Such people – let’s call them Sensors from now on – would be potent limerent objects. They would sense the glimmer and respond in a way that amplifies it, because they want more. They would be expert at recognising the cues of infatuation and cultivating them, because being around an infatuated person makes them feel amazing. This could be as simple as being friendlier and more open because they can tell you like them, or more manipulative and selfish and deliberately seeking booster doses of admiration to regulate their own mood.
This is an awful trap for limerent and Sensor alike; you are both running on instinct to deepen intimacy, but for contrary reasons. The limerent wants the warm glow of reciprocation, the Sensor wants the warm glow of adoration. That leads to the next tragic outcome…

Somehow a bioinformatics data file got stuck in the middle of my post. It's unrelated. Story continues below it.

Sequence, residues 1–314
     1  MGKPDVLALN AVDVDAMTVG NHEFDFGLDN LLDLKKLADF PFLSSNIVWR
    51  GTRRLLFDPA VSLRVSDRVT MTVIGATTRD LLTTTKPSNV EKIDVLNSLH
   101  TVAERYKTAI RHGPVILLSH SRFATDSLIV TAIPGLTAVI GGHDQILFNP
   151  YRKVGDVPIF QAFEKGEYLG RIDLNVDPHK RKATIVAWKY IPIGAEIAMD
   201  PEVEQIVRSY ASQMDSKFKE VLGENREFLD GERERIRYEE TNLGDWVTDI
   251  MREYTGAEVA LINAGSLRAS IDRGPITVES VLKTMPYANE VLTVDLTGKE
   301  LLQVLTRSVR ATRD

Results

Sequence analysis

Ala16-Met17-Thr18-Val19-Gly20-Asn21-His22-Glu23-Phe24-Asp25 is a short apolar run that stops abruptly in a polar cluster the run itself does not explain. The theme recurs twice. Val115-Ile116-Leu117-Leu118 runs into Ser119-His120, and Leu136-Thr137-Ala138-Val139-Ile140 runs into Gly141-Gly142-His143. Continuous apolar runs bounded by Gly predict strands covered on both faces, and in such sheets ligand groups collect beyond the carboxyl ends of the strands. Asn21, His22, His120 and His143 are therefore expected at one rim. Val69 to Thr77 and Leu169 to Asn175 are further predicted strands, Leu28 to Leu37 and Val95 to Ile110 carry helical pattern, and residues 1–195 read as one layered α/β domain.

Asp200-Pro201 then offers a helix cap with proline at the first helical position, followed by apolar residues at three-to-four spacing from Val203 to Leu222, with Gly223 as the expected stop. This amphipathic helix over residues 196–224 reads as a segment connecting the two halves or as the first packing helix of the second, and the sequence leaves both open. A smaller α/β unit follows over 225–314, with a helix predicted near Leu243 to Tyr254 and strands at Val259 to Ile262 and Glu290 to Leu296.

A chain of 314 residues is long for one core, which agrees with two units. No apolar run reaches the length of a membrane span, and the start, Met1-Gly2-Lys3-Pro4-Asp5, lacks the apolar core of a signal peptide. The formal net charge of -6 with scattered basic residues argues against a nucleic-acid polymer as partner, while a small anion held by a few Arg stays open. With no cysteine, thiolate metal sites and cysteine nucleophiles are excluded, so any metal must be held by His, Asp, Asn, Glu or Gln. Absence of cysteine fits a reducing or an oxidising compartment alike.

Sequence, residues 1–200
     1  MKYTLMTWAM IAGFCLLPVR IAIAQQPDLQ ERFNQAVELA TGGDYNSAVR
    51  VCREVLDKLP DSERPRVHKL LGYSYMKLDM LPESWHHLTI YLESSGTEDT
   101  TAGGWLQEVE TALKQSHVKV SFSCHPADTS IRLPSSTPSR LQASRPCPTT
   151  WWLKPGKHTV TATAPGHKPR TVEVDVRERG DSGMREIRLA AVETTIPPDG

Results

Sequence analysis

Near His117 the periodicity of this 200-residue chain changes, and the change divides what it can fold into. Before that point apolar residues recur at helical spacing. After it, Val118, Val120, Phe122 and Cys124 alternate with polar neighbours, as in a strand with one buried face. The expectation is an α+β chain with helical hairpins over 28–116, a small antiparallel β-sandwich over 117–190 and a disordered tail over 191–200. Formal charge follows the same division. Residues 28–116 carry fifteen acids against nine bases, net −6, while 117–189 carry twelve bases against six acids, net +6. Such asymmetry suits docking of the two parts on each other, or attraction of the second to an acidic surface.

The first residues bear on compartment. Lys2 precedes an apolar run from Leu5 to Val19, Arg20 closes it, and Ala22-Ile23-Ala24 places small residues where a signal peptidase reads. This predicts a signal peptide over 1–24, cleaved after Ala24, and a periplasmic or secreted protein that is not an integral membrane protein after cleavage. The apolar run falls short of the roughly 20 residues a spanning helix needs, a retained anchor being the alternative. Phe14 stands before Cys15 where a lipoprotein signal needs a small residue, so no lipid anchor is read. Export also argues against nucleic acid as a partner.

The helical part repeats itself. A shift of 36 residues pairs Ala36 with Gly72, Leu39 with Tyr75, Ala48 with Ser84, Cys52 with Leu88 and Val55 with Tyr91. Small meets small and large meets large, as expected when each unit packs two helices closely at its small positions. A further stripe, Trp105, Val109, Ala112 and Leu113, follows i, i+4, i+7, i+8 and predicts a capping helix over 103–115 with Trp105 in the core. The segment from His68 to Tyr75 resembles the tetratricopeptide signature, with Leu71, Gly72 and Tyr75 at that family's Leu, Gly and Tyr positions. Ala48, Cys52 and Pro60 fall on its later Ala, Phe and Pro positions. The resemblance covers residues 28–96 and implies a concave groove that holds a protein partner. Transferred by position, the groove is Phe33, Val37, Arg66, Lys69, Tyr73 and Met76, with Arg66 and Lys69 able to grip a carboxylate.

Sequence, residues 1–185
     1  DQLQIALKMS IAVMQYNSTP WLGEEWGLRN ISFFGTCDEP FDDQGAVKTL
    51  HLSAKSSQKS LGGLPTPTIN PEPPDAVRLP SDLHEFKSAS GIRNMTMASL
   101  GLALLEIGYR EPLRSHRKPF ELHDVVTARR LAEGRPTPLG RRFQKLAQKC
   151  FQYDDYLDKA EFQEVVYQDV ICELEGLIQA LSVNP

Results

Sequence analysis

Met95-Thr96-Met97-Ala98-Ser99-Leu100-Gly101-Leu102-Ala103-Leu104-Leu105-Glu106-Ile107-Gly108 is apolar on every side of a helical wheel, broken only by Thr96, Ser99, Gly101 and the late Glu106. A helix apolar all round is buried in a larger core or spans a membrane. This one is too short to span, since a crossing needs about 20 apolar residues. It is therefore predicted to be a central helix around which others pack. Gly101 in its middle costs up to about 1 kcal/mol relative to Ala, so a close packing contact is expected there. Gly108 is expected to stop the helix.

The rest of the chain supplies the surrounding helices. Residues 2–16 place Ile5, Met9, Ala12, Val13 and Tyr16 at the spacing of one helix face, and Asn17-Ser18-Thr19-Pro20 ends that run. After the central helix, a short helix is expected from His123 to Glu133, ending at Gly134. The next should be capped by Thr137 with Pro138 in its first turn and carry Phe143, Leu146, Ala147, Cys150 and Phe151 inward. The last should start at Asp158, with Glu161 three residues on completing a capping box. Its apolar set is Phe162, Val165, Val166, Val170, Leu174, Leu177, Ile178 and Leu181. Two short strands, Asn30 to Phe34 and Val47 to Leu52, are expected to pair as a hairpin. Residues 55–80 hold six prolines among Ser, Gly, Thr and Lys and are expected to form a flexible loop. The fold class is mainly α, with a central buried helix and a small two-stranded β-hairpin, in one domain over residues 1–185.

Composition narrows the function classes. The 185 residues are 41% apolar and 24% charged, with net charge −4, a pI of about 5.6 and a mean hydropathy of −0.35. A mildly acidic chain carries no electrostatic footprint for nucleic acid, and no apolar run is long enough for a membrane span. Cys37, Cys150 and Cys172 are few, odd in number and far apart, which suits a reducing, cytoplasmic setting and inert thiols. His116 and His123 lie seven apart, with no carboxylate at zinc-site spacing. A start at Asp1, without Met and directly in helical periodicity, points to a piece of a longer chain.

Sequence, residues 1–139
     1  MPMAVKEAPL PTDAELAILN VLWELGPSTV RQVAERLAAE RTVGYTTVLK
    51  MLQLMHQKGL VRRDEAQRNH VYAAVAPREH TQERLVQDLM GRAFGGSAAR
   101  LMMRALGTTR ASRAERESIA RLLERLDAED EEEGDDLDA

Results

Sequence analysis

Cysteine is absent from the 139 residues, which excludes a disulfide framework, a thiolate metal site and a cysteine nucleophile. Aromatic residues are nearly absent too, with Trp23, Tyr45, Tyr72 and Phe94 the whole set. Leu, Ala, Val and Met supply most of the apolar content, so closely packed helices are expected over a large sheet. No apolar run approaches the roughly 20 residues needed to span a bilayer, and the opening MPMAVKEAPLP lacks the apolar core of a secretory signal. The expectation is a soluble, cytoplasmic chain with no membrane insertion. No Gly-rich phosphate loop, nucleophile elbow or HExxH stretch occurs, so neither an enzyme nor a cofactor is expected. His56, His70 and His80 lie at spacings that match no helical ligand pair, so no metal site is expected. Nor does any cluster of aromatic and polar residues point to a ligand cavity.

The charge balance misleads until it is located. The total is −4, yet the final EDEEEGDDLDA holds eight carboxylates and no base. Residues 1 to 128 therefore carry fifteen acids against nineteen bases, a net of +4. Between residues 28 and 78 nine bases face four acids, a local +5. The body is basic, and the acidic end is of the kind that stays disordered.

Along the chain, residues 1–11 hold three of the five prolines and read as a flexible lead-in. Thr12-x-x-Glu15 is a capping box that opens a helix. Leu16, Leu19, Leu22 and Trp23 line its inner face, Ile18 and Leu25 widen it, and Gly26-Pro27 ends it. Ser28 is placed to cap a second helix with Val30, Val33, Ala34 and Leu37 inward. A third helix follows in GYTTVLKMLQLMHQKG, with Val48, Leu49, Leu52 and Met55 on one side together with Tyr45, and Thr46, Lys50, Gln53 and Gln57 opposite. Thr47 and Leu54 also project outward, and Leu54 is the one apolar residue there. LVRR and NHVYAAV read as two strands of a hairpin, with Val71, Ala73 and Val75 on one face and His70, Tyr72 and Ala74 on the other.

2. It would seem like they are leading you on
Understandably, if you start to feel the glimmer for someone and they get all excited and lively, and light up when you are around, and generally make you feel as though they enjoy it when you flirt and seek intimacy, then it’s likely that you will start to believe they are interested in you too.
And that’s because they are interested in you. The problem is that they are not necessarily interested in a relationship with you. Unfortunately, most limerents will miss this subtle and important distinction, and respond to the positive feedback by devoting themselves ever more earnestly to the Sensor in the hope they will secure the prize they want above all others. Instead they will eventually hit a wall.